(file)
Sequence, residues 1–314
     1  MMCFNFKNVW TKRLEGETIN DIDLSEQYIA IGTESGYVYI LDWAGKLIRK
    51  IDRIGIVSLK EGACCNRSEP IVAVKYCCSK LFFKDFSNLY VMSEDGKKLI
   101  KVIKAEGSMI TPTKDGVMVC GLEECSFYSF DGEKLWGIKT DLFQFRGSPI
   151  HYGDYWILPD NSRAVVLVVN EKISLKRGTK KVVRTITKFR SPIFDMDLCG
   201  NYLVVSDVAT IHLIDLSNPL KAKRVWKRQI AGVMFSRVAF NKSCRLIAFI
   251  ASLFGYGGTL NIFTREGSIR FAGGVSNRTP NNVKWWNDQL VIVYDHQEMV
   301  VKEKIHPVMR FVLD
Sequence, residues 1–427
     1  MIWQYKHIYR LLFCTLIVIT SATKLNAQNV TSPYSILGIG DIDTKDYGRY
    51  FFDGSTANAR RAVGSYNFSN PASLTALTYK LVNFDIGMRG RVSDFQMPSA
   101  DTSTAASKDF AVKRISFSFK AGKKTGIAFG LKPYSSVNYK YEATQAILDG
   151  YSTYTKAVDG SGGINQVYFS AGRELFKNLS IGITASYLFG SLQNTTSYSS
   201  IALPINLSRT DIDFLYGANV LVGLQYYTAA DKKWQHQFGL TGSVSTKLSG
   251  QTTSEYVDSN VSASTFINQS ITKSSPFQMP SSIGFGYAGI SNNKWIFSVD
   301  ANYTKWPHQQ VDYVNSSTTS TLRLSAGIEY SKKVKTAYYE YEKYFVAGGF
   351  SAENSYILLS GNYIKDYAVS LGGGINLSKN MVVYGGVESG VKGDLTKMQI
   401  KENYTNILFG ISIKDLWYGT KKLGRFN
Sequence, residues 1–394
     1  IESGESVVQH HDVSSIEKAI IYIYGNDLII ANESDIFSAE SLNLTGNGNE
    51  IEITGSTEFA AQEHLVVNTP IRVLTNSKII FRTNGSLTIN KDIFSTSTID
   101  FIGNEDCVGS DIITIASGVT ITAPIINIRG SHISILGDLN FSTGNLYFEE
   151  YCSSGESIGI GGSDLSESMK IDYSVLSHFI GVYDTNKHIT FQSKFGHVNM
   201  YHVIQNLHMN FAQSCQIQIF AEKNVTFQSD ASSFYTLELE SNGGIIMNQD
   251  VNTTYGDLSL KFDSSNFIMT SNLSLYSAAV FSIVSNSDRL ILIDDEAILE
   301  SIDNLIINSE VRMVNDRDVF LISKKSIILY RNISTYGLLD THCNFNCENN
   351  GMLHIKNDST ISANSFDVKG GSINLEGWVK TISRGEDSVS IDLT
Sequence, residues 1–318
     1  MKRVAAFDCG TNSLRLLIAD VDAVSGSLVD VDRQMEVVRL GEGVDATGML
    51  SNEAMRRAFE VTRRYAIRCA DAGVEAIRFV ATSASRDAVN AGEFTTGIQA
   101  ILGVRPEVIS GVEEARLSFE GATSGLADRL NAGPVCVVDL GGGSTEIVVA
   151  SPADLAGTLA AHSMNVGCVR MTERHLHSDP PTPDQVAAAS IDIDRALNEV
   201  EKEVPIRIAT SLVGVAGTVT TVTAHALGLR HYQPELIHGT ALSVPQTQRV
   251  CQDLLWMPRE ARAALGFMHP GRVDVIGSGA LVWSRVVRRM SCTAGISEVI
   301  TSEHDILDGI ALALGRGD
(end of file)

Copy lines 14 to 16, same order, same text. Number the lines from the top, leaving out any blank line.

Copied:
   201  IALPINLSRT DIDFLYGANV LVGLQYYTAA DKKWQHQFGL TGSVSTKLSG
   251  QTTSEYVDSN VSASTFINQS ITKSSPFQMP SSIGFGYAGI SNNKWIFSVD
   301  ANYTKWPHQQ VDYVNSSTTS TLRLSAGIEY SKKVKTAYYE YEKYFVAGGF